TAIL(1) BSD General Commands Manual TAIL(1)NAMEtail — display the last part of a file
SYNOPSIStail [-F | -f | -r] [-q] [-b number | -c number | -n number] [file ...]
The tail utility displays the contents of file or, by default, its stan‐
dard input, to the standard output.
The display begins at a byte, line or 512-byte block location in the
input. Numbers having a leading plus (‘+’) sign are relative to the
beginning of the input, for example, “-c +2” starts the display at the
second byte of the input. Numbers having a leading minus (‘-’) sign or
no explicit sign are relative to the end of the input, for example, “-n
2” displays the last two lines of the input. The default starting loca‐
tion is “-n 10”, or the last 10 lines of the input.
The options are as follows:
The location is number 512-byte blocks.
The location is number bytes.
-f The -f option causes tail to not stop when end of file is
reached, but rather to wait for additional data to be appended to
the input. The -f option is ignored if the standard input is a
pipe, but not if it is a FIFO.
-F The -F option implies the -f option, but tail will also check to
see if the file being followed has been renamed or rotated. The
file is closed and reopened when tail detects that the filename
being read from has a new inode number.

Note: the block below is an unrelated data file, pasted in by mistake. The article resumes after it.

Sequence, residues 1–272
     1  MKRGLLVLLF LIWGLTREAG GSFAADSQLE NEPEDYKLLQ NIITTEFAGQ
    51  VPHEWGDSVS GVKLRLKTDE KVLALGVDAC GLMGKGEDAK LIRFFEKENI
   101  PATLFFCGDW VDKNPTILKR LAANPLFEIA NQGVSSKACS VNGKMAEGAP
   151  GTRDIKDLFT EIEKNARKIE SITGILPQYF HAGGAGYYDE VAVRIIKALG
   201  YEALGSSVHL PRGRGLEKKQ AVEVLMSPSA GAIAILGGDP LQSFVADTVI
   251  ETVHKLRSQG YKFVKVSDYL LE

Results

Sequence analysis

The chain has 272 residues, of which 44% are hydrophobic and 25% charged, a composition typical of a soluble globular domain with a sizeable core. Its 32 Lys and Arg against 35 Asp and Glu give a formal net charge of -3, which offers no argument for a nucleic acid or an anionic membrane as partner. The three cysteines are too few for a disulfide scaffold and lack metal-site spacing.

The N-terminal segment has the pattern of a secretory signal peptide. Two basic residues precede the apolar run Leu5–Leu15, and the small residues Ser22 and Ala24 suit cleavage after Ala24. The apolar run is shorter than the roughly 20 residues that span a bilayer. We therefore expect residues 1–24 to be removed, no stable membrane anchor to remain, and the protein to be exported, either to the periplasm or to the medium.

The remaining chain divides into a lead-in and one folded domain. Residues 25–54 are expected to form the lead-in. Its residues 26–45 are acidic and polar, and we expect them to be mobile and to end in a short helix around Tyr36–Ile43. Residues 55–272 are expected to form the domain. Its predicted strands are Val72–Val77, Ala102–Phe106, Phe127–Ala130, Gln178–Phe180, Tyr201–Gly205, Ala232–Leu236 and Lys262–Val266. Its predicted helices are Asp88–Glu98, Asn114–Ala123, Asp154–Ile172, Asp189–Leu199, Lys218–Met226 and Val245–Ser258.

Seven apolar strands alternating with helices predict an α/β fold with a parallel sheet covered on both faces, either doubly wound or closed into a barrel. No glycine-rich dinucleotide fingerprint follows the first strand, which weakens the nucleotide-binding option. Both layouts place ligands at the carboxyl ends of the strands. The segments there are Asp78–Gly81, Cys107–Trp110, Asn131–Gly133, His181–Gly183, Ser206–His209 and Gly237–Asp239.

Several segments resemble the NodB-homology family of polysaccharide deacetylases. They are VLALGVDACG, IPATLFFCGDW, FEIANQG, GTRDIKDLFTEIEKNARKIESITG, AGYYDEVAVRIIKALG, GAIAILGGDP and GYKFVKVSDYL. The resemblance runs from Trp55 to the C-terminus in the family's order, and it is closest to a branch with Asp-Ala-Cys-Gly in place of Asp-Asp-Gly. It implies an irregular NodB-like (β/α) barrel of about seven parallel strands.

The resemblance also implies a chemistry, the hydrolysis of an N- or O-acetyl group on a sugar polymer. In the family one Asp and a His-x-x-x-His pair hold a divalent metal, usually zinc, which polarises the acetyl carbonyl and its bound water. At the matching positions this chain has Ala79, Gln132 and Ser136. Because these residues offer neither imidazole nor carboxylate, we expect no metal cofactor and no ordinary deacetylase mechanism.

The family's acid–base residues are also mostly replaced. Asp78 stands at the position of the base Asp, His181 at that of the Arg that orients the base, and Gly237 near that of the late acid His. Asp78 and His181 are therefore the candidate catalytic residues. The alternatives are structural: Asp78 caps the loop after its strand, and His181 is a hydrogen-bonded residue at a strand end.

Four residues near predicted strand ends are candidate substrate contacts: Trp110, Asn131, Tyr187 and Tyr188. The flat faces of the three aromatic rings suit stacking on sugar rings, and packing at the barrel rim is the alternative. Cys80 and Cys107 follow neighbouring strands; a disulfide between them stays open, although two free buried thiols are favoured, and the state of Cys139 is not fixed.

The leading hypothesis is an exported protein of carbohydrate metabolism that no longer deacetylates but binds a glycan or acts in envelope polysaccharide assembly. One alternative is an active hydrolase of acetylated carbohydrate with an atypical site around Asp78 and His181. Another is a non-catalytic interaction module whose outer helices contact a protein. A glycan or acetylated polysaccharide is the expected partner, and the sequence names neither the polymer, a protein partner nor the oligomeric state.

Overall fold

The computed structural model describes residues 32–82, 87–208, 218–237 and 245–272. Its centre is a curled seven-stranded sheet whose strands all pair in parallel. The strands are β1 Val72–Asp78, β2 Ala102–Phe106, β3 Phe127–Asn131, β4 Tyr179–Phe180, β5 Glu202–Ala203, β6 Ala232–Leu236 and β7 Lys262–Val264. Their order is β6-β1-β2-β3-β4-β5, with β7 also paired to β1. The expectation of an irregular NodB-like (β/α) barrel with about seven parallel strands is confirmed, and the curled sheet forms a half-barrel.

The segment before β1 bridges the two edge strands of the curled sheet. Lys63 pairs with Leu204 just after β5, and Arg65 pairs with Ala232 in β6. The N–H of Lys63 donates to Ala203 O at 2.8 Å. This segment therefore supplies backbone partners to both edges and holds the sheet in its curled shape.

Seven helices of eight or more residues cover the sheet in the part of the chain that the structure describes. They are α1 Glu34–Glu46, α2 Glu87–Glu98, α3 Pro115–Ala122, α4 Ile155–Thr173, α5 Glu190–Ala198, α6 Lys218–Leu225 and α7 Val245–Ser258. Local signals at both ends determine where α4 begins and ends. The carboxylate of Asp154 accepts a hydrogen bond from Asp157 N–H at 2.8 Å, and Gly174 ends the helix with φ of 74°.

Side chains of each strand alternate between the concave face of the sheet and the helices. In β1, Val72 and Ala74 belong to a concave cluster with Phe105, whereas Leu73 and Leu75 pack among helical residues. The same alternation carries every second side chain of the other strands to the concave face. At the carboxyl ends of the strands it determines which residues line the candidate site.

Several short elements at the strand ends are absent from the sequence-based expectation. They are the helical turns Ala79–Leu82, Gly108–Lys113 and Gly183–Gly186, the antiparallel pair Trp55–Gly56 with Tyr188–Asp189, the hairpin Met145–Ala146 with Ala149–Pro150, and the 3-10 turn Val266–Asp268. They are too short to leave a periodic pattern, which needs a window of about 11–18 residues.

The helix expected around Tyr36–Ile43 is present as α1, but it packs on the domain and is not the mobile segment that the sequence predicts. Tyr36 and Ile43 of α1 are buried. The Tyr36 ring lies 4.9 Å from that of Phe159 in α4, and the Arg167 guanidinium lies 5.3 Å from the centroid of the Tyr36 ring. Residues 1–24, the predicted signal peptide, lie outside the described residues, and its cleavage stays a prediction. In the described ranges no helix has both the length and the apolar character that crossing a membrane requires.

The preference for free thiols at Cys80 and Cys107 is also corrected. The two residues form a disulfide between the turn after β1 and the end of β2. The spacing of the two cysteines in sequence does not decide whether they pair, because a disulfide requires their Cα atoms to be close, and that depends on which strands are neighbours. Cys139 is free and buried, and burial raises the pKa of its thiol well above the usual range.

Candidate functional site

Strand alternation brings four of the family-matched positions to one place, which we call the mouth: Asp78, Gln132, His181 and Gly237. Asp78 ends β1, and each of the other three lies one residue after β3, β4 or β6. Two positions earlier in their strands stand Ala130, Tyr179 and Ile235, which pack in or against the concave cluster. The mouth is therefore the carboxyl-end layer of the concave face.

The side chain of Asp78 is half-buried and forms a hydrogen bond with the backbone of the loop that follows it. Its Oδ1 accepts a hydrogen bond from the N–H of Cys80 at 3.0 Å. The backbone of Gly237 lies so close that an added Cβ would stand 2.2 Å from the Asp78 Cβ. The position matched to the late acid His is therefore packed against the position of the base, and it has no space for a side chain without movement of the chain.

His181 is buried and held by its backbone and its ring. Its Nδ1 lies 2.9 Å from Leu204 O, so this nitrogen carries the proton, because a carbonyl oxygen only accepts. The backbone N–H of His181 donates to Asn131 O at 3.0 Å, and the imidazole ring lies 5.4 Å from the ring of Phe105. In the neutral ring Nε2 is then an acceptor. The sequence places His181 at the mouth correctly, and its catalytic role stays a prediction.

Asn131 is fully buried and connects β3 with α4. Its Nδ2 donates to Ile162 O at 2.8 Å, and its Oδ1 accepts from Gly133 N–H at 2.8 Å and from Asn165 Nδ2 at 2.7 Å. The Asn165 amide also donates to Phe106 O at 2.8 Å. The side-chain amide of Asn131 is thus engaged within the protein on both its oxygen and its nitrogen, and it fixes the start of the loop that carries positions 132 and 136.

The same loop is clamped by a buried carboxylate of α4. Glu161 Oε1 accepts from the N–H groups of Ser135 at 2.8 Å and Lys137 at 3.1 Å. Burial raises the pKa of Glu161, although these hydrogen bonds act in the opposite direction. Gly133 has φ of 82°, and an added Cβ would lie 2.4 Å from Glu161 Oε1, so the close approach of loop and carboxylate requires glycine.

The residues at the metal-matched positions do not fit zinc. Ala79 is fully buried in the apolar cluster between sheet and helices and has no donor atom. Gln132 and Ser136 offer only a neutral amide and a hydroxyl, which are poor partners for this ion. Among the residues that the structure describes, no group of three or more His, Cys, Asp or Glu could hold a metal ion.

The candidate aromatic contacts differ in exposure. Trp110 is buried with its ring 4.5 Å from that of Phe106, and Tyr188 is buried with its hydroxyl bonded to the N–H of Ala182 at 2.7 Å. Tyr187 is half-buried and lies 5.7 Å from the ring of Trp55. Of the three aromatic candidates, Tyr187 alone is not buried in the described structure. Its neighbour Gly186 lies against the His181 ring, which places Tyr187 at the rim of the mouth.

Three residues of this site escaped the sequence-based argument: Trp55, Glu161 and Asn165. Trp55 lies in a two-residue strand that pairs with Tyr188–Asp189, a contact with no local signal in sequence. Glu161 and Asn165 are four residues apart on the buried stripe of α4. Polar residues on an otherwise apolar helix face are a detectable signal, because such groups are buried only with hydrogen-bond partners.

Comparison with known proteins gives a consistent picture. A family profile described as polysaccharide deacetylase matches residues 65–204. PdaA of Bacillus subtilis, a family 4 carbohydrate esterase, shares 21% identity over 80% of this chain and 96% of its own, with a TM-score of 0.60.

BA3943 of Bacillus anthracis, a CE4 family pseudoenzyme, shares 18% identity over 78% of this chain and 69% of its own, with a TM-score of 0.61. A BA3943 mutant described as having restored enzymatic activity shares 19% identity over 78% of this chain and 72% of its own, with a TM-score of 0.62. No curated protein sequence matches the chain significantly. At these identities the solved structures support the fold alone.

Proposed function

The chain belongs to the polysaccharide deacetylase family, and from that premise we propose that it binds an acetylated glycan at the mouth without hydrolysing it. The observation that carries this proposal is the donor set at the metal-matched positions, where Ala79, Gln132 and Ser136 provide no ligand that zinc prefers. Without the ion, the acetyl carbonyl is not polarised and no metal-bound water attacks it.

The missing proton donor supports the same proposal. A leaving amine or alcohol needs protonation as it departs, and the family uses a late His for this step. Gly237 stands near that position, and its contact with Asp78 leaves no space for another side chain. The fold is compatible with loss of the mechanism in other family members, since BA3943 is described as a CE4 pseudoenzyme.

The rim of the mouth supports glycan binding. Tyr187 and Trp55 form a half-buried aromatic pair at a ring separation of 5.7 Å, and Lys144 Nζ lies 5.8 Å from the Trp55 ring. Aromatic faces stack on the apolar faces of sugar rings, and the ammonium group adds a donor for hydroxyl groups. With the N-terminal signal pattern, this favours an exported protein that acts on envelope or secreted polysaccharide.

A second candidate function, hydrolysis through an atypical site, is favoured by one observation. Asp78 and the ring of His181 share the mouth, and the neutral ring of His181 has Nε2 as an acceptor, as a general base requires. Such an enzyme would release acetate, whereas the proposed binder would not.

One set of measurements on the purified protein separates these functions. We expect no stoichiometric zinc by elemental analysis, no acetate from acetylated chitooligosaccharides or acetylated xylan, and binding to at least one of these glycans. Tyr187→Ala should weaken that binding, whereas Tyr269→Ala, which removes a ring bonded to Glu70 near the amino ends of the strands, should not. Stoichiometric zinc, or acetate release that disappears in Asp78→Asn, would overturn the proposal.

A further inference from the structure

If the file being followed does not (yet) exist or if it is
removed, tail will keep looking and will display the file from
the beginning if and when it is created.
The -F option is the same as the -f option if reading from stan‐
dard input rather than a file.
The location is number lines.
-q Suppresses printing of headers when multiple files are being
-r The -r option causes the input to be displayed in reverse order,
by line. Additionally, this option changes the meaning of the
-b, -c and -n options. When the -r option is specified, these
options specify the number of bytes, lines or 512-byte blocks to
display, instead of the bytes, lines or blocks from the beginning
or end of the input from which to begin the display. The default
for the -r option is to display all of the input.
If more than a single file is specified, each file is preceded by a
header consisting of the string “==> XXX <==” where XXX is the name of
the file unless -q flag is specified.
The tail utility exits 0 on success, and >0 if an error occurs.
SEE ALSOcat(1), head(1), sed(1)STANDARDS
The tail utility is expected to be a superset of the IEEE Std 1003.2-1992
(“POSIX.2”) specification. In particular, the -F, -b and -r options are
extensions to that standard.
The historic command line syntax of tail is supported by this implementa‐
tion. The only difference between this implementation and historic ver‐
sions of tail, once the command line syntax translation has been done, is
that the -b, -c and -n options modify the -r option, i.e., “-r -c 4” dis‐
plays the last 4 characters of the last line of the input, while the his‐
toric tail (using the historic syntax “-4cr”) would ignore the -c option
and display the last 4 lines of the input.
A tail command appeared in PWB UNIX.
BSD June 05, 2009 BSD